The UK's top business leaders are calling upon the government to take action against cybercrime, warning that many firms are still refusing to put their business online for fear of losing money or reputation.
In a report released on Wednesday, the Confederation of British Industry (CBI) warned that the growth of e-commerce in the UK is suffering because of these worries. The CBI has carried out a survey of British companies and discovered that two-thirds of the firms that responded had suffered a "serious cybercrime attack" -- which the CBI defines as having experienced hacking, credit card fraud or a virus attack -- in the last year.
The CBI wants to see the government taking more action against this threats. It recommends that a "UK Centre for Cybercrime Complaints" is set up, where firms could report incidents. The CBI also wants the Computer Misuse Act 1990 to be updated to cover attacks on IT systems, and suggests that the government takes a greater role in the fight against cross-border cybercrime. The Act covers hacking into someone else's computer and modifying data, while the recently updated Terrorism Act has expanded the definition of a terrorist to include actions that "seriously interfere with or seriously disrupt an electronic system" where there is an intent "to influence the government or to intimidate the public." However, neither specifically covers attacks on company's IT systems.
Government officials were unable to give an immediate response to the CBI's recommendations, but are expected to comment later today. Douglas Alexander, the e-commerce minister based at the DTI, is responsible for promoting the growth of e-commerce in the UK, but Internet crime -- especially any changes in relevant criminal law -- would be handled by the Home Office.
There have been repeated demands for a confidential channel for UK businesses to report cybercrime attacks. Back in June, the head of Britain's National High-Tech Crime Unit (NHTCU) called for such a body to be created, and admitted that without one there is no way of telling the true scale of Internet crime in the UK.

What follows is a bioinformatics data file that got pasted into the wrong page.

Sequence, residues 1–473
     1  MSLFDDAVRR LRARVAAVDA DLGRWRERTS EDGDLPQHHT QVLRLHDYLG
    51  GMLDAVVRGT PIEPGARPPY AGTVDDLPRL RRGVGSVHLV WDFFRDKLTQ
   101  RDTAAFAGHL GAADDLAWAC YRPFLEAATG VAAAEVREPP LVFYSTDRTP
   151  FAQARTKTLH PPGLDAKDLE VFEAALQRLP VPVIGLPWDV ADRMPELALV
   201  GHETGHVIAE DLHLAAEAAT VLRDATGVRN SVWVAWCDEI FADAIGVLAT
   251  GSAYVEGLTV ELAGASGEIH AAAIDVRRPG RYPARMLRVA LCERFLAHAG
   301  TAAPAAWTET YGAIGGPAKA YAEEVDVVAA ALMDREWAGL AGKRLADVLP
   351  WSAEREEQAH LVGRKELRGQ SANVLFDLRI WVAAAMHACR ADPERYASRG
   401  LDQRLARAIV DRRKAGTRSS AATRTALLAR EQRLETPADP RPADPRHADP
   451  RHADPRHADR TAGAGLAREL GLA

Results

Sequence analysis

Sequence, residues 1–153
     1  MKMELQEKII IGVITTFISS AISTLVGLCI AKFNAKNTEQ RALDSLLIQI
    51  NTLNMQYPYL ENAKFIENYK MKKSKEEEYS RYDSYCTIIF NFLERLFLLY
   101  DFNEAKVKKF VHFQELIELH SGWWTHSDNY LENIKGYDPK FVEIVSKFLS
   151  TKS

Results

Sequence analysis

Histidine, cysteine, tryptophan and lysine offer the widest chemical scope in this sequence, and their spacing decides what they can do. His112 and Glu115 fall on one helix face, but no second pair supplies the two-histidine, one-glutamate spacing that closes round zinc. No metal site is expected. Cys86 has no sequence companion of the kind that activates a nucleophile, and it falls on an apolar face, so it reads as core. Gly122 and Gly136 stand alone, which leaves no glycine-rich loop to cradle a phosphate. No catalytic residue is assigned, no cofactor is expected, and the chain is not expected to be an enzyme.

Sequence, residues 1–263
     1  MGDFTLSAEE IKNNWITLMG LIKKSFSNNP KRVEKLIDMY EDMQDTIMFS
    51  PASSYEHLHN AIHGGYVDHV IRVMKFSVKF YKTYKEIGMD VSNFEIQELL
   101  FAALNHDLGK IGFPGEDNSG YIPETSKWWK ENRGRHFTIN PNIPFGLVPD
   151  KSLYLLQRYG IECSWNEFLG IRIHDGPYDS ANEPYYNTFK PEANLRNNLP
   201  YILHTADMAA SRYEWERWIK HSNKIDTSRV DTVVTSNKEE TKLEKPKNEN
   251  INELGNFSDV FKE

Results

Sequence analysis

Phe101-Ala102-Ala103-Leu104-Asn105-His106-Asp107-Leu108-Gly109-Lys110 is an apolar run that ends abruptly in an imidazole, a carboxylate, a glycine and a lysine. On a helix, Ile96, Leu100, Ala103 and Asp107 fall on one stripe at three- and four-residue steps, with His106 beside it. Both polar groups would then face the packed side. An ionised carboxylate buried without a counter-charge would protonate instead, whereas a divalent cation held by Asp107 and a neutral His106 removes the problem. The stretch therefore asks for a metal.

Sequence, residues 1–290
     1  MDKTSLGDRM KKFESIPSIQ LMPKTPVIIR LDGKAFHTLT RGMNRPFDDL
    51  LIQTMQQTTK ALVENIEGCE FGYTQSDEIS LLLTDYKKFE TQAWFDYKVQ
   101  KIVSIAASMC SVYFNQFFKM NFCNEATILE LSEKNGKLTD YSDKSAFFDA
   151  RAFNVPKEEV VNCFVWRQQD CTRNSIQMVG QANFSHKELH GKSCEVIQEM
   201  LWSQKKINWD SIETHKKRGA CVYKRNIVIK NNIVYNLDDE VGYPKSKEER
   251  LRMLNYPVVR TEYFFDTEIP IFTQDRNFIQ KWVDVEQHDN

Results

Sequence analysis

Many firms are thought to cover up cybercrime attacks, because they are worried about negative publicity. A year ago, Powergen hit the headlines when it emerged that the credit card details of 7,000 customers had been exposed on its Web site. The company managed to scrape together some good PR when it decided to pay compensation of £50 to each person affected by what was condemned as a gross breach of consumer confidence.
The CBI found that the damage to a firm's reputation was more of a concern than financial losses. Nearly 70 percent of those who responded to the survey thought that a cybercrime attack would have negligible financial impact, while loss of trust and bad publicity was seen as a bigger threat.
Digby Jones, director-general of the CBI, believes that fears over potential financial losses and the damage to reputation that Internet crime can cause is stalling the growth of e-commerce. He believes that this will only be overcome when everyone involved is reassured that adequate security is in place. "Achieving that means firms understanding what the threats are and the Government keeping the law up to date and making sure it's properly enforced," he said.
The CBI carried out the survey by sending a questionnaire to a range of UK-based firms across a range of sectors. It received 148 replies.
The survey found that organisations are happier to take part in transactions with another businesses, rather than selling to consumers. While 53 percent of companies responding to the survey see the Internet as a safe place for B2B, only 32 percent think the same is true for B2C.
Hacking is now seen as the number one threat to businesses. In the past, malicious actions carried out by people working within a firm was seen as the greatest danger. The CBI's survey found that 45 percent of cybercrime carried out in the last 12 months was caused by hackers, followed by 13 percent perpetrated by former employees, another 13 percent by organised criminals, and 11 percent by current employees.
According to the CBI, credit card fraud represented only four percent of the most serious incidents over the last year.
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